Elitch Lanes is where you prove you've got balls. This is where you spend perfecting your spare, strike, hook and backswing -- whiskey shooters or rum and Coke firmly in your other hand. There's no room for sissy drinks and fancy shoes in these lanes that time forgot. The place does get a little funky, though, during the quarterly Beats & Bowling, when a monster DJ lineup complements the spinning pins, and bowlers compete for time on the tables. Plus, every Wednesday is College Night, with $1 drafts, $1 games and $1 shoes. Let 'em fly!
Hidden above 14th Street in an old slaughterhouse, Tarantula Billiards is the perfect downtown pool hall: gritty and urban, with well-poured drinks, rows of tables and a commanding view of the poor workaday shlubs down below. The free pool during the day -- with purchase of lunch, even if it's just the liquid variety -- and DJs spinning funk, soul and electronica every night of the week top off an already ideal hideout. To keep you coming back, the beautiful-people bartenders offer Hangover Weekend, with $2 red beers and $4 bloodys. Fierce.
Let the games begin! Underground Games makes it easy, with stock that includes games both popular and obscure as well as replacement pieces for games you've had around so long that Park Place is looking, well, a little less than posh. There are also rooms available that you can rent by the hour, in case you'd like to hold that Monopoly marathon on neutral ground.
In elementary school, everyone loved Field Day. It was a dream come true: an entire day devoted to playing outside, and then everyone went home with at least one ribbon. Then we got older, and gym class turned from blissful anarchy into one structured game after another. By high school, the only people who actually enjoyed gym were the jocks who were good at playing those structured games. Meanwhile, everyone else longed for a return to the days of guts and glory, battling it out in a three-legged race or talking trash before tug-o-war. But now the Multiple Sclerosis Young Professionals Network has brought back Field Day -- this time for grownups -- and filled the fundraiser with such competitions as dodgeball, Capture the Flag and a rock-paper-scissors showdown, as well as commentary by local comedians. Score!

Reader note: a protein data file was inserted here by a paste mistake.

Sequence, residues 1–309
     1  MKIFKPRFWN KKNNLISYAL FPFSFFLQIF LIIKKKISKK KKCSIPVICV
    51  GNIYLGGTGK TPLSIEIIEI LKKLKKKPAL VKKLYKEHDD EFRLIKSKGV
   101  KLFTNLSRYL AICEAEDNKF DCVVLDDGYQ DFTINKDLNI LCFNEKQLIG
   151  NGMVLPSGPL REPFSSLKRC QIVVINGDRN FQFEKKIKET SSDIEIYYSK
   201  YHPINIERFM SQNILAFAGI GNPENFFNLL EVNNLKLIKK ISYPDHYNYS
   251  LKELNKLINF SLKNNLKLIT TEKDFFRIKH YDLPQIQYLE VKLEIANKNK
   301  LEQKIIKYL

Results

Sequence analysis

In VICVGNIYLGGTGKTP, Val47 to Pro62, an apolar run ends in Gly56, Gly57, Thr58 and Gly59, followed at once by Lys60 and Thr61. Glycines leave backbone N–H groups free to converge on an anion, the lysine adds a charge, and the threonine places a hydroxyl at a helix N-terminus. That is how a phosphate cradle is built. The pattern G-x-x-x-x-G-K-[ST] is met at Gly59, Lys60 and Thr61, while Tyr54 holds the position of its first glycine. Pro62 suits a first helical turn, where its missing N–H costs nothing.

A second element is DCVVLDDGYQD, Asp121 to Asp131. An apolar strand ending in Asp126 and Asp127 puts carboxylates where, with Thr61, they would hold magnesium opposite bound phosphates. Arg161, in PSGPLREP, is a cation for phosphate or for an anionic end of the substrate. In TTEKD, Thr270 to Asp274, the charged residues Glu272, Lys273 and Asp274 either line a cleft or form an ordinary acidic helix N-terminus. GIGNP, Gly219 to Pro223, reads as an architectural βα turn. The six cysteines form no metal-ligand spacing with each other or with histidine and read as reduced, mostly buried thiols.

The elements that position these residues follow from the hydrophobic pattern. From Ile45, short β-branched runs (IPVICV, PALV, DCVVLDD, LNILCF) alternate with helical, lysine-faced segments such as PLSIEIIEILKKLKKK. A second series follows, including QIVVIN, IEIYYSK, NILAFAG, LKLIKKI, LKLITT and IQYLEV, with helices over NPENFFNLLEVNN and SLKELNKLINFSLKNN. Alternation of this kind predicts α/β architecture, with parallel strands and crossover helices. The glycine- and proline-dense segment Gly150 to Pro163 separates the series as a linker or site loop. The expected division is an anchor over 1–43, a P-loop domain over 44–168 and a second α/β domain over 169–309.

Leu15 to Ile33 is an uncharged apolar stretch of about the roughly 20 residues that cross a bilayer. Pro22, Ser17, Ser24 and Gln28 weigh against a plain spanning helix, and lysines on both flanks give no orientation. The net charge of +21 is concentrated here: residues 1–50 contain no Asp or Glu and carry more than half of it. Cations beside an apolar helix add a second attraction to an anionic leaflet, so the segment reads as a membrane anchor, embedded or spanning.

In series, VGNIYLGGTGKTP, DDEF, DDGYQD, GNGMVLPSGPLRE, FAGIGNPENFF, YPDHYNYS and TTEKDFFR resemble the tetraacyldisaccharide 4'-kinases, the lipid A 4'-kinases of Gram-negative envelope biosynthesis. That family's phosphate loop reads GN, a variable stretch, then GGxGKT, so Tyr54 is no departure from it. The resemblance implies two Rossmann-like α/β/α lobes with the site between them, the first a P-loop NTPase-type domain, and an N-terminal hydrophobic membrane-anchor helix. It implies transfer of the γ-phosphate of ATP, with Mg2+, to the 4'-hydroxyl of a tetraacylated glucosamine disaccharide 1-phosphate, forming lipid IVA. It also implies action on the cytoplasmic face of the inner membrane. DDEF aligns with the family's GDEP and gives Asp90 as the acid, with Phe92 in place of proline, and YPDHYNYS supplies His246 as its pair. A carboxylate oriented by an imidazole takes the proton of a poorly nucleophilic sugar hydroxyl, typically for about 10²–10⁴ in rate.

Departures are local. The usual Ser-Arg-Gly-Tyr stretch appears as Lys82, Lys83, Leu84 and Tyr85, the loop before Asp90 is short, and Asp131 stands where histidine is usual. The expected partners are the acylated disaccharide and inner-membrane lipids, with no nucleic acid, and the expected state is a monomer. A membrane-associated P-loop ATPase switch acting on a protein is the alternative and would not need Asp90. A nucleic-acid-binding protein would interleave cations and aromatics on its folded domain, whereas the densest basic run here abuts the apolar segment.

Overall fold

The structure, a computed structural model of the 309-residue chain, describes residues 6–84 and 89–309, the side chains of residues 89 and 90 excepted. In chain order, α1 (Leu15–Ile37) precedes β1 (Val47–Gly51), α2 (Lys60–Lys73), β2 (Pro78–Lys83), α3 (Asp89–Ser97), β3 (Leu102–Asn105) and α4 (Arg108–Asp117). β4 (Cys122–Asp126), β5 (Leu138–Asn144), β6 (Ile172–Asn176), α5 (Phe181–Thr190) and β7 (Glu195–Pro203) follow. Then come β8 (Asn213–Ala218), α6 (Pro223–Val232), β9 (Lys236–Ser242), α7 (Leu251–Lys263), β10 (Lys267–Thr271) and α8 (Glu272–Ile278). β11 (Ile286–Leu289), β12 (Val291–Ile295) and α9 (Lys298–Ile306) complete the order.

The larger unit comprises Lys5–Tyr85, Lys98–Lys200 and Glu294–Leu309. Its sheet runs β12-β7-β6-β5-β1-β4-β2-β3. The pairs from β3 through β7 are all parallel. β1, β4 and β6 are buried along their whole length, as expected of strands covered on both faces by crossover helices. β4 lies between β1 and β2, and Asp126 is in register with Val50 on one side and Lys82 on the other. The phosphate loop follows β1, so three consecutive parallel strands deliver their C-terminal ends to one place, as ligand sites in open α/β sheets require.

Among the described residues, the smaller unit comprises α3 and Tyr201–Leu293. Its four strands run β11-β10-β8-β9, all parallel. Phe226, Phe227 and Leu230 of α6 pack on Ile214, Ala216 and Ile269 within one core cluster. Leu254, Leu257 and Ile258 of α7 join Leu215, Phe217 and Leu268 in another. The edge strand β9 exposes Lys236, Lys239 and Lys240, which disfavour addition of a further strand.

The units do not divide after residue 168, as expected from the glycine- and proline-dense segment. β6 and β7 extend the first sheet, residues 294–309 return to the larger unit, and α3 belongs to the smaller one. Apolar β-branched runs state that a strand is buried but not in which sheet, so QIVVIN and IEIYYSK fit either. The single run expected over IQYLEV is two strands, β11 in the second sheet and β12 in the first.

Fat City is every child's birthday-party paradise, with the bowling, the laser tag, the mini-golf, the rollerskating, the arcade and the foam factory. But the three-and-a-half-acre entertainment center doesn't stop at children's birthday packages, corporate team-building exercises -- including "crazy bowling" and mini-golf battles -- and rentable rooms. Oh, no. You can rent out the whole building -- which holds 3,000 comfortably -- for an all-night adults' party. Because why stop at laser tag when you really can have it all?
Trains and Christmas. They just go together, like hot chocolate and marshmallows, in the magical lore of childhood dreams and Chris Van Allsburg's beloved holiday-season picture book, The Polar Express, which was made into an animated flick co-produced and voiced by true believer Tom Hanks. And now Coloradans can hop on board our own Polar Express, when the Durango & Silverton Narrow Gauge Railroad hosts special November and December holiday rides for kids, complete with a storybook reading and high-country meet-up with Santa and his reindeer. Pajamas are encouraged. All aboard!